How to Make Quilt as You Go Placemats

How to Make Quilt as You Go Placemats

While we love making quilts and will gladly spend weeks sewing up a project, sometimes we need a quick and easy quilting project we can finish in an afternoon. When those projects can be made from scraps, it’s even better! We now get a mental break and a chance to destress and have a practically free project at the end. Another bonus to these small projects, is using up batting scraps. We always end up with strips of batting cut off of our quilts after they are finished. We have an entire tub filled and love pulling some out to actually use whenever we can.

This weeks small project is Quilt as You Go Placemats. There are so many things to love about this project, but I think the best features are the flexibility, you can use any fabric you have or want, and the time feature. After you get the fabric cut, these sew up in about 30 minutes. If you have a free afternoon, you could easily knock out enough placemats to completely makeover your table. Also, there are no special tools needed and you can easily complete these quilted placemats on your domestic machine without having to wrestle fabric around.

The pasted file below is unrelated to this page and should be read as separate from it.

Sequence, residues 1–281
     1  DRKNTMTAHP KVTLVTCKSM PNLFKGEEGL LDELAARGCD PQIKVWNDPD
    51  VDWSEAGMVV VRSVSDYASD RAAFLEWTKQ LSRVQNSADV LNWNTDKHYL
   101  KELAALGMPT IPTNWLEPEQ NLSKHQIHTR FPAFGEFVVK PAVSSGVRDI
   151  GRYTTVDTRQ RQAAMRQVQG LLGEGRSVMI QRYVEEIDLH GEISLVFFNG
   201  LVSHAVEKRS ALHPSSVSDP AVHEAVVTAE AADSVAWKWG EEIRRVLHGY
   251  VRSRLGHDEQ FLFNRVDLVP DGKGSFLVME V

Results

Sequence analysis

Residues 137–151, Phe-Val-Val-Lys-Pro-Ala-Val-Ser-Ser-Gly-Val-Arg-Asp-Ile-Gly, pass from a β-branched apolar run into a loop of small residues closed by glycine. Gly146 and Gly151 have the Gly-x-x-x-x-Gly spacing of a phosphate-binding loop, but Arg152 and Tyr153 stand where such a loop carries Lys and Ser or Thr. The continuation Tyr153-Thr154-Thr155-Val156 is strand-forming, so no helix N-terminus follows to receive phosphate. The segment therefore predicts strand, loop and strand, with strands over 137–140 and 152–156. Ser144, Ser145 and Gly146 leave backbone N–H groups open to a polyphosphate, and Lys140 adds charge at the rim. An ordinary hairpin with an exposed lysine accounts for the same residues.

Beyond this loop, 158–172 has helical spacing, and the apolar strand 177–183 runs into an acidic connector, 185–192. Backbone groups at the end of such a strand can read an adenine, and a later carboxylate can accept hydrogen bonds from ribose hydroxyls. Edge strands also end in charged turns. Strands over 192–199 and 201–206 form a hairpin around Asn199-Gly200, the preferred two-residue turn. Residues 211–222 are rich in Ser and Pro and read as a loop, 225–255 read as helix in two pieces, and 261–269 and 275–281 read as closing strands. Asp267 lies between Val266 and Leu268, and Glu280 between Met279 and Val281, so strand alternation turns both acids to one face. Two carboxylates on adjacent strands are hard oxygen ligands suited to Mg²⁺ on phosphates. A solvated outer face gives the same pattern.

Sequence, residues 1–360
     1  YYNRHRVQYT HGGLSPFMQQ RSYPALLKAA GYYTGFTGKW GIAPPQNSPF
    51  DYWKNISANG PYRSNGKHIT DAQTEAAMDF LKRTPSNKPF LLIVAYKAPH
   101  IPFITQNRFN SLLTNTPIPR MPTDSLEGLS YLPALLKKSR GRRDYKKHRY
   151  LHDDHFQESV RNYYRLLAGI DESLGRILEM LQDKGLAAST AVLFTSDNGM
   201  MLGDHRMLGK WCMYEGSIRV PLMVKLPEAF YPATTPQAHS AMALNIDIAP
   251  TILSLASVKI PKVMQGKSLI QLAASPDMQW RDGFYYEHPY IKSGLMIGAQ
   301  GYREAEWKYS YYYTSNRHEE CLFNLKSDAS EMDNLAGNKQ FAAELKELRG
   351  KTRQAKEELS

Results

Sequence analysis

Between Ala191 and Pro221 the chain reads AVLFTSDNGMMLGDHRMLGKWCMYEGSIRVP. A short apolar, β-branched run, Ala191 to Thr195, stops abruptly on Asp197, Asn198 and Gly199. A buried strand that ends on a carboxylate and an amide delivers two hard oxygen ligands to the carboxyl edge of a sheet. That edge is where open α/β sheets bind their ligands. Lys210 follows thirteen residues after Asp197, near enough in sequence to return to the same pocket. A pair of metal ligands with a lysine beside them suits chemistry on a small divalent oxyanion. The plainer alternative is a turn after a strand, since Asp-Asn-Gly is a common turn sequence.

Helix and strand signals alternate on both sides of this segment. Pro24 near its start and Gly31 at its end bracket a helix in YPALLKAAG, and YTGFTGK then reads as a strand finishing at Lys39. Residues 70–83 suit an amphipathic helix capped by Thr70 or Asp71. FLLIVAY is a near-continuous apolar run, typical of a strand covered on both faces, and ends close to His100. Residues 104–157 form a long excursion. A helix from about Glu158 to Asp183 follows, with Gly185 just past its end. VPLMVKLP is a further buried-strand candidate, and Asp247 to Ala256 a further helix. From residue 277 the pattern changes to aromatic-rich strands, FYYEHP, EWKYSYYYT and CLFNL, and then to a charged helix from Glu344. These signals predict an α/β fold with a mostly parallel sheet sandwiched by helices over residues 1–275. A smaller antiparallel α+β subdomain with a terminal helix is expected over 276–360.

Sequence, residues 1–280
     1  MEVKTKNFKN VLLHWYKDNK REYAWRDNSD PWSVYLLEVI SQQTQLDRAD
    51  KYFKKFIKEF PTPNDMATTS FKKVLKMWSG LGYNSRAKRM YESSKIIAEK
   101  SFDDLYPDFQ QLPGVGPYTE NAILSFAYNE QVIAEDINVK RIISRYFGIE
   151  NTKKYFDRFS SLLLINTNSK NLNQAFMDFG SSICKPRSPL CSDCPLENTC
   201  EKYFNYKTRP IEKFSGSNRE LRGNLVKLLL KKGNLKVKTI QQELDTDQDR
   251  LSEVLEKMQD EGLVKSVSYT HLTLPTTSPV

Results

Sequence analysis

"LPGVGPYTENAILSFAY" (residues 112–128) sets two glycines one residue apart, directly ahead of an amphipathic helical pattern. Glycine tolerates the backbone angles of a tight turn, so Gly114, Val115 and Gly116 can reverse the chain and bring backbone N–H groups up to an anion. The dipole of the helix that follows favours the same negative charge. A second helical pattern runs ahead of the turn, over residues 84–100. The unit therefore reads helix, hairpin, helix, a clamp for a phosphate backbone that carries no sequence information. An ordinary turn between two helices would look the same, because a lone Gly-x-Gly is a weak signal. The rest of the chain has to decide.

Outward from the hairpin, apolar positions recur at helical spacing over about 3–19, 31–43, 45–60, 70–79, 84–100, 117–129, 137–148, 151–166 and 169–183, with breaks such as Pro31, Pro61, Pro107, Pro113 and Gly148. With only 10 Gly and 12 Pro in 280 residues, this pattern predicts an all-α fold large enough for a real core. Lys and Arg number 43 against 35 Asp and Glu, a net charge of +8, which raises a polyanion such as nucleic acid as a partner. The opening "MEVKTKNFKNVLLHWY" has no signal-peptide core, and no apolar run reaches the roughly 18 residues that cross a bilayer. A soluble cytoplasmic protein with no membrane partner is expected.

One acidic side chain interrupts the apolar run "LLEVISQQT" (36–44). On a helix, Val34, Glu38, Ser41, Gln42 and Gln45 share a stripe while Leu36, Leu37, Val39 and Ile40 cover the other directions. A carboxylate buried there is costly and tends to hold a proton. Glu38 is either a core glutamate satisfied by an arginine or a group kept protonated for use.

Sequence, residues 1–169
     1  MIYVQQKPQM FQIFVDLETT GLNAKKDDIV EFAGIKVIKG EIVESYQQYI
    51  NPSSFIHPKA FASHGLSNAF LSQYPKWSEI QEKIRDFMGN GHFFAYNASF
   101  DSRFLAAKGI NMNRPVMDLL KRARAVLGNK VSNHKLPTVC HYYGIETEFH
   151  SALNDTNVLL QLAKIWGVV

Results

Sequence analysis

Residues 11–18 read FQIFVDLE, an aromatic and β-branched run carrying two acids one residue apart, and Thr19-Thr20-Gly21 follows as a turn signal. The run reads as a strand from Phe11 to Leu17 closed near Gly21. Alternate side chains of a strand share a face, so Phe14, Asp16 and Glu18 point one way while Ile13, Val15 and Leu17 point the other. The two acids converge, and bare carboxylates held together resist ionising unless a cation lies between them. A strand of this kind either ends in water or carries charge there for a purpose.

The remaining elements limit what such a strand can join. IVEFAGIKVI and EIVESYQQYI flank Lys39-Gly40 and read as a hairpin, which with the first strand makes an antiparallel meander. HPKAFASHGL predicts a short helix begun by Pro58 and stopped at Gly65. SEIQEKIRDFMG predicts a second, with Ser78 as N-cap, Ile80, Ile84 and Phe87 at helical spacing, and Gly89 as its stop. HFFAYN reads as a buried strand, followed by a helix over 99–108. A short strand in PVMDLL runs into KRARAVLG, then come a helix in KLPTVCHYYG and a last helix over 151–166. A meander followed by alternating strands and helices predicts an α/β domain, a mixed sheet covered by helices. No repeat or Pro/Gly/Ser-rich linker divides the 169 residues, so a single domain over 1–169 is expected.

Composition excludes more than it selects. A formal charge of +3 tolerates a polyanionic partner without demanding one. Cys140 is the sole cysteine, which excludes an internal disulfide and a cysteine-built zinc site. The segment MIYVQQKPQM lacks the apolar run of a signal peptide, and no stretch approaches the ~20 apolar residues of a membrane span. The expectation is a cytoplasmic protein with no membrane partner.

What is Quilt as You Go?

Quilt as you go can mean two different things:

1- You are piecing the quilt top as you are sewing it to the backing and batting

2- You finish the block, sandwich it, and quilt it, then sew them together with sashing to make the completed top.

This project uses the first method (we’ll talk about the second method later in the year). This simply means that you will be quilting the placemat while you piece it. When sewing the top fabric together, we will be putting it on top of the batting and backing and sewing through all three layers at the same time. Each additional quilt block piece is added and the seam sewn right on top of the batting and backing. You can complete the entire placemat with just the seams that add the pieces, or you can go back and add extra quilting lines on top of the piecing to add lots more texture. We love quilty texture so we opted to add more stitch lines to the top of the piece as well. We stitched these as we added the strips, so we didn’t have to go back and do them later.

Can I Join Quilt as You Go Blocks?